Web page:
Indianapolis Colts History

Indianapolis Colts - Team History

Indianapolis Colts, professional football team and one of five teams in the Eastern Division of the American Football Conference (AFC) of the National Football League (NFL). Under the league’s realignment plan, which will take affect in 2002, the Colts will play in the South Division of the AFC. Formerly based in Baltimore, Maryland, the Colts now play at the RCA Dome in Indianapolis, Indiana, and wear uniforms of royal blue and white.

Piloted by quarterbacks Johnny Unitas and Earl Morrall, the Colts captured four NFL championships from 1958 to 1971. (The Super Bowl was not played until 1967, so only one of these championships was a Super Bowl victory.) Unitas was one of several future Hall of Fame members who played in the talented lineups of head coaches Weeb Ewbank and Don Shula. The Colts earned three consecutive division titles during the mid-1970s under head coach Ted Marchibroda. Defensive end John Dutton, quarterback Bert Jones, and running back Lydell Mitchell starred on these teams.

Professional football in Maryland dates to 1947, when the Miami Seahawks of the All-America Football Conference (AAFC) moved to Baltimore and became the Colts. In 1948 quarterback Y. A. Title won the league’s passing championship as Baltimore tied for the Eastern Division crown. A year later the AAFC folded and the Colts joined the NFL, but after two consecutive seasons with 1-11 win-loss records, the franchise was dissolved.

The Colts were reborn in 1953 when the NFL’s Dallas Texans moved to Baltimore and took the name Colts. Owner and business executive Carroll Rosenbloom promptly engineered the biggest trade in league history—a deal that sent five Colts to the Cleveland Browns in exchange for ten players, including defensive back Don Shula.

Following four seasons of rebuilding, the Colts captured consecutive NFL titles in 1958 and 1959 under head coach Weeb Ewbank. Baltimore assembled the league’s top offense both years, with teams starring four future Hall of Fame members. The passing combination of Johnny Unitas to receiver Raymond Berry became one of the most celebrated in league history. Lenny Moore was one of the NFL’s most durable running backs, and guard-tackle Jim Parker anchored a superb offensive line. Linemen Art Donovan and Gino Marchetti, also future Hall of Fame members, led a tenacious defense that held 16 of 26 opponents—including Baltimore’s two championship game foes—to 21 or fewer points in 1958 and 1959. Baltimore’s overtime defeat of the New York Giants in the 1958 NFL Championship Game is regarded as one of the greatest NFL contests ever played. A year later, the Colts again bested the Giants for the NFL crown.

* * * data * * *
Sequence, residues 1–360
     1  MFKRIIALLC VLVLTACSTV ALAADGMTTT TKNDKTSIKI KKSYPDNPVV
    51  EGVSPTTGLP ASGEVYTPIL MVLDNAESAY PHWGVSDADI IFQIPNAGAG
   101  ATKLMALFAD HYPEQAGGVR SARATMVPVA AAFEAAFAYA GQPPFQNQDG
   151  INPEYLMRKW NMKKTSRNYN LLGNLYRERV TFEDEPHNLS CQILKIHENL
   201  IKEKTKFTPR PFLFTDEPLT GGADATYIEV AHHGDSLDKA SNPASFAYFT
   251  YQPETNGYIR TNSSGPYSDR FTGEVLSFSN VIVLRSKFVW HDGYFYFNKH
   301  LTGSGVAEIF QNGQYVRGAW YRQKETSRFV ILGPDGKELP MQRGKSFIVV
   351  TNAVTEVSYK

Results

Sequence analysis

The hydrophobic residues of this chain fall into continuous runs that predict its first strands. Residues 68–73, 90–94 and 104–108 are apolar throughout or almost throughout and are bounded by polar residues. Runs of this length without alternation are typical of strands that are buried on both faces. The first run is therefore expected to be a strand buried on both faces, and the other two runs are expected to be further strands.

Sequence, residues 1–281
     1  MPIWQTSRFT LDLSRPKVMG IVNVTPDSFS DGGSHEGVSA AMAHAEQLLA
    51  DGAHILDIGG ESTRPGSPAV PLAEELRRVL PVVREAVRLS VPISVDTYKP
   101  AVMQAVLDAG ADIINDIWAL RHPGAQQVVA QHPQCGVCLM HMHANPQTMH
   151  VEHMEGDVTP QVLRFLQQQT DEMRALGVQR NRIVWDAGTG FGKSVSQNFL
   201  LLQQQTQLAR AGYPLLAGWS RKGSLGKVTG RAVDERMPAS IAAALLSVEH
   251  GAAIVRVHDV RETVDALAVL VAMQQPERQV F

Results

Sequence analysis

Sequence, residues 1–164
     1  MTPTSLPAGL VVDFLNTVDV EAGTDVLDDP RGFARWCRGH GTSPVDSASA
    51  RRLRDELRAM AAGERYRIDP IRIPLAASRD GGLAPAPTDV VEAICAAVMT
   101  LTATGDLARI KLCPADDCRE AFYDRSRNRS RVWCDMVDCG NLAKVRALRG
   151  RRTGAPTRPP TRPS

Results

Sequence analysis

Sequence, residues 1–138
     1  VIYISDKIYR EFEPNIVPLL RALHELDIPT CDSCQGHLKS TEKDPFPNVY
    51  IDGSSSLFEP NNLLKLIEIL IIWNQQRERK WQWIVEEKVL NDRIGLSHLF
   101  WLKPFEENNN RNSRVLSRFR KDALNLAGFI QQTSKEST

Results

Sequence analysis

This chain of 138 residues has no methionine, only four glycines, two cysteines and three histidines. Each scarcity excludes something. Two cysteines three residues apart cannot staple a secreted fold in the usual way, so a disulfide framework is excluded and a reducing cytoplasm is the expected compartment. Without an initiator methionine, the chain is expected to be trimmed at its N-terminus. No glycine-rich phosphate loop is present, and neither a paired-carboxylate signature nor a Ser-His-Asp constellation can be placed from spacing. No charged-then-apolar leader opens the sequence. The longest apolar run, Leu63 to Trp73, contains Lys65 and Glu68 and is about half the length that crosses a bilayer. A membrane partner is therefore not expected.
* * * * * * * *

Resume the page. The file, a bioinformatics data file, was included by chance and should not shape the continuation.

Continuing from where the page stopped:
During the 1960s Baltimore remained a dominant power in the NFL as Unitas continued to power the team. In 1960 he became the first NFL quarterback to pass for more than 3,000 yards in one season. Shula replaced Ewbank in 1963, becoming one of the youngest head coaches in NFL history at age 33. Over the next seven seasons, he steered the Colts to four first-place finishes in their division. In 1964 Baltimore recorded a club-record 12 victories, and Unitas collected the second of his three most valuable player (MVP) awards. Although they were favored in the NFL Championship Game, the Colts lost to the Cleveland Browns.

The Colts enjoyed an outstanding season in 1968, winning 13 of 14 games. Earl Morrall replaced the injured Unitas and produced an MVP season, leading the league in passing while throwing for nearly 3,000 yards. John Mackey, who was one of the first tight ends in professional football to catch passes, combined with Morrall to lead a Colt team that was heavily favored to win the Super Bowl. The NFL-champion Colts, however, were upset by the American Football League (AFL) champions, the New York Jets, who were led by quarterback Joe Namath.

Shula left Baltimore in 1970 to take over the Miami Dolphins. His replacement, Dan McCafferty, put together the league’s most powerful offense, and the team won the Eastern Division title. The Colts then advanced to the Super Bowl, where they defeated the Dallas Cowboys on a last-second field goal by rookie Jim O’Brien. Three years later, Unitas was traded for the rights to select quarterback Bert Jones in the 1973 NFL draft. After Unitas’s departure, the Colts suffered two losing seasons before returning to prominence in 1975 under head coach Ted Marchibroda. A potent offense starring Jones, wide receiver Roger Carr, and running back Lydell Mitchell powered Baltimore to three consecutive Eastern Division crowns from 1975 to 1977. The Colts lost in the first round of the playoffs each season.

After having endured seven straight losing seasons from 1978 to 1984, and faced with dwindling fan support, the Colts moved to Indianapolis. Led by running back Marshall Faulk and quarterback Jim Harbaugh, the Colts reached the AFC Championship Game in 1995, but they lost to the Pittsburgh Steelers. In 1999 wide receiver Marvin Harrison, running back Edgerrin James, and quarterback Peyton Manning led the team to the Eastern Division championship, but the Colts lost to the Tennessee Titans in the playoffs.

1969 Super Bowl III Lost to New York Jets, 16-7

1971 Super Bowl V Defeated Dallas Cowboys, 16-13

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